Indiana Township man provides a lift for cancer patients |

Indiana Township man provides a lift for cancer patients

Joyce Hanz


Stephen Plut is a chauffeur with a cause.

The semi-retired corporate executive and consultant from Indiana Township volunteers as a driver with the American Cancer Society’s nationwide Road To Recovery program. The program provides free transportation for cancer patients undergoing treatments such as chemotherapy.

“I have had a good life and I want to give back,” Plut said.

Plut is one of 39 drivers who volunteers for the program in Allegheny County. American Cancer Society officials said there is an urgent need for volunteers.

So far this year, nearly half of ride requests have gone unfulfilled, said Teresa Segelson, mission delivery program manager for the American Cancer Society. Only 1,575 of 2,800 requests have been granted this year in Allegheny County.

“Transportation is one of the biggest barriers for cancer patients and it can be time consuming and patients are often tired,” Segelson said. “Even the best treatment can’t work if a cancer patient is unable to get there.”

Plut, 59, schedules pickups online and provides round-trip transportation in his SUV to a variety of Allegheny County cancer treatment centers such as Allegheny Health Network’s West Penn Hospital in Bloomfield.

“Often patients I am driving need transportation because their cancer treatments are during the day and their relatives work or they don’t have someone available to take them,” Plut said.

Plut set an annual goal of providing 100 rides. He exceeded that number this year with more than 140 rides.

“Stephen is the greatest guy in the world,” said Bob Roche, 78, Greenfield resident and cancer ride recipient. “He is always on time and such a nice guy. The rides to treatment have taken a lot of pressure off of me.”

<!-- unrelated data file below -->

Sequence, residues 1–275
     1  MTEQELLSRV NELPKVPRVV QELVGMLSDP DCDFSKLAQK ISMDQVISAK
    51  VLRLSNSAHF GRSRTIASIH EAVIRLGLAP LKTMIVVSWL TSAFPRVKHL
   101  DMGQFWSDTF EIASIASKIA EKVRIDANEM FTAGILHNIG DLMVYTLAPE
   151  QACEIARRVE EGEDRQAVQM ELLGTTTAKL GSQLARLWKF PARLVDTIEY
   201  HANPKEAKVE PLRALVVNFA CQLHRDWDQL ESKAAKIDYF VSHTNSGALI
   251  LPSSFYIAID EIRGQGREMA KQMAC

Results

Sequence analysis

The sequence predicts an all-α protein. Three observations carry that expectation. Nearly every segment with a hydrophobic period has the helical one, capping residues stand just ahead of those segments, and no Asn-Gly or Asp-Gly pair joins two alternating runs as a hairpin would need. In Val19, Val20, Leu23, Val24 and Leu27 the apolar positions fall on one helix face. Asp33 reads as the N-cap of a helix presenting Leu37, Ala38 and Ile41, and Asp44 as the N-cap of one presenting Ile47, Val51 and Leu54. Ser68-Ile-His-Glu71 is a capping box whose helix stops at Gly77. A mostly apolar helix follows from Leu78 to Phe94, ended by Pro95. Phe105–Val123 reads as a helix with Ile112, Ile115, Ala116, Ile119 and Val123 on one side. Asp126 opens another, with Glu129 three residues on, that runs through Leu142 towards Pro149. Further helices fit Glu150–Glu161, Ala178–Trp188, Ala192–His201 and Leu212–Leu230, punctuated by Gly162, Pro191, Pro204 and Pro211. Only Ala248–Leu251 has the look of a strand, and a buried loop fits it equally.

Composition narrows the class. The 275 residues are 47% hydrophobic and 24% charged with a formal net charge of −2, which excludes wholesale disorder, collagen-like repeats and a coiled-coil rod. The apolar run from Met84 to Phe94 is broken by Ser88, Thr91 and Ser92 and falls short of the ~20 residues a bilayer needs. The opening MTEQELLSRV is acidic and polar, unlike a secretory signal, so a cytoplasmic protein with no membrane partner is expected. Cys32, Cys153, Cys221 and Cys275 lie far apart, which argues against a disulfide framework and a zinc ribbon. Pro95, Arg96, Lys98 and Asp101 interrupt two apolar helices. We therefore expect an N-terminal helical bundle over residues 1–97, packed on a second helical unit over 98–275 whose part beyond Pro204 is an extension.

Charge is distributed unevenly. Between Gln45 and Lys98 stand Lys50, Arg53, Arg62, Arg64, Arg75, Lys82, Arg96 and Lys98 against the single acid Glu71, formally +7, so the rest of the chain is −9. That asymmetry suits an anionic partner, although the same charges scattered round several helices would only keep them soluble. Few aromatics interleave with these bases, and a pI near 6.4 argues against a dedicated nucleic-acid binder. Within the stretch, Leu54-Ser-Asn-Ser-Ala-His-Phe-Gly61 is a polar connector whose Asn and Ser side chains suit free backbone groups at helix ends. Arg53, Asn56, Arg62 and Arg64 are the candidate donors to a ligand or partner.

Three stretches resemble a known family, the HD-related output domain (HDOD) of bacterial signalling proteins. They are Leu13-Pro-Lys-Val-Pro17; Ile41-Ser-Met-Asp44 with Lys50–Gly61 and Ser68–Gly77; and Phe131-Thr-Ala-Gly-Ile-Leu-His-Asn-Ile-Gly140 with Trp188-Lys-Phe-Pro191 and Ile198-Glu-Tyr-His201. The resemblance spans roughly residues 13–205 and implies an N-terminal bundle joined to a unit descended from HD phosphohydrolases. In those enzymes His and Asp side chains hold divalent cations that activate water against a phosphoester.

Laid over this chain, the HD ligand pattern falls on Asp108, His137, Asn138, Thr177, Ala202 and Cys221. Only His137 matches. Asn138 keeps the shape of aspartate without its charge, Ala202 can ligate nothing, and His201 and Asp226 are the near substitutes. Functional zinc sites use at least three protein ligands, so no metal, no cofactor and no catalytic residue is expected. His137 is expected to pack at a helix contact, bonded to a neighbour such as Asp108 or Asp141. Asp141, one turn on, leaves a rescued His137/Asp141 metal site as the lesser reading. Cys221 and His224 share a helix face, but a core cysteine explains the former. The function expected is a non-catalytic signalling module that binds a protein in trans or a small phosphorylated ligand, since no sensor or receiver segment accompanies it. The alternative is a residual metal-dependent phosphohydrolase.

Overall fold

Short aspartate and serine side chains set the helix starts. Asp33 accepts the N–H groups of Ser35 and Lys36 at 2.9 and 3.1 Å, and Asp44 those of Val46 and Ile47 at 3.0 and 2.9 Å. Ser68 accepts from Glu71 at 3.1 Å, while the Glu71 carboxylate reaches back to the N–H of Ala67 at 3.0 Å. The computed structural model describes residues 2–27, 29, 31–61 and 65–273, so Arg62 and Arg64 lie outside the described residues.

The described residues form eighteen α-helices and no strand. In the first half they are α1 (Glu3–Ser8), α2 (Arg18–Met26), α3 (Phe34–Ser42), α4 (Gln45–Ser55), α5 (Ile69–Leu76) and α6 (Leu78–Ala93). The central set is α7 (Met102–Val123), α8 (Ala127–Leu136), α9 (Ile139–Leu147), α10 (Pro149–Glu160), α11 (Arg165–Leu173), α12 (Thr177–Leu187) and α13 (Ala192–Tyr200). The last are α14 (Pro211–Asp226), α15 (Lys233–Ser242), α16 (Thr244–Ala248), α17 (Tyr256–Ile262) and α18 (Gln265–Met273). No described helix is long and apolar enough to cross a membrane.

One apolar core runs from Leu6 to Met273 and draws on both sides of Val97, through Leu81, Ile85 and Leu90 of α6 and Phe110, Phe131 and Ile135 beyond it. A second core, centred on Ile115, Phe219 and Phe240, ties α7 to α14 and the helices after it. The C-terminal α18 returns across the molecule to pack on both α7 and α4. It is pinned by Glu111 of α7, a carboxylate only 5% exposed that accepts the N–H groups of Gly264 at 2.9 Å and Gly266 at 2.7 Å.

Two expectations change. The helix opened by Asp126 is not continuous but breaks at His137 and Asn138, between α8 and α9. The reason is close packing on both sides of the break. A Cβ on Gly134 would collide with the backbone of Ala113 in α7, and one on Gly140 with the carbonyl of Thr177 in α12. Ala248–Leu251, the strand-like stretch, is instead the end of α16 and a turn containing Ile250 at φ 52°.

Plut said he really didn’t volunteer previously, and felt bad about that.

“I decided to try and help one person, then another, and another,” Plut said. “The patients I drive are so courageous and so grateful. It just makes me feel good to be participating in this program.”

Plut strives to maintain a mostly scent free vehicle, since many cancer patients undergoing chemotherapy and radiation treatments develop a sensitivity to odors. He stores a step stool in the backseat and assists his riders, generally making a big fuss over their comfort, safety and well-being.

He always lets the patient lead the way in terms of car conversations.

He recalled one male patient that celebrated his last day of treatments with a special request.

The man wanted to take his life-sized replica of the Stanley Cup to his last appointment, so they loaded it into Plut’s SUV.

“When I came back to pick him up later he was beaming,” Plut said. “The cup had been a huge hit and he had taken a bunch of selfies with the nurses and they had a great time. Seeing someone with such a serious medical condition laughing, smiling and having fun, I mean, that’s why I am a volunteer in this program.”

Segelson said volunteers such as Plut are invaluable.

“He is amazing and truly wants to make a personal connection with the patients. He listens to them. He goes above and beyond,” Segelson said.

To volunteer:


*A good driving record

*A current and valid driver’s license

* Proof of automobile insurance

* ages 18-85

*Pass background checks, paid for by the American Cancer Society

*Regular access to a computer or laptop

Joyce Hanz is a Tribune-Review contributing writer.

Joyce Hanz | Tribune-Review
Stephen Plut of Indiana Township waits by his vehicle while a patient completes a cancer treatment at West Penn Hospital in Pittsburgh on Dec. 4, 2018.
Joyce Hanz | Tribune-Review
American Cancer Society Road To Recovery volunteer Stephen Plut waits inside his SUV at West Penn Hospital for his patient to complete a radiation treatment.
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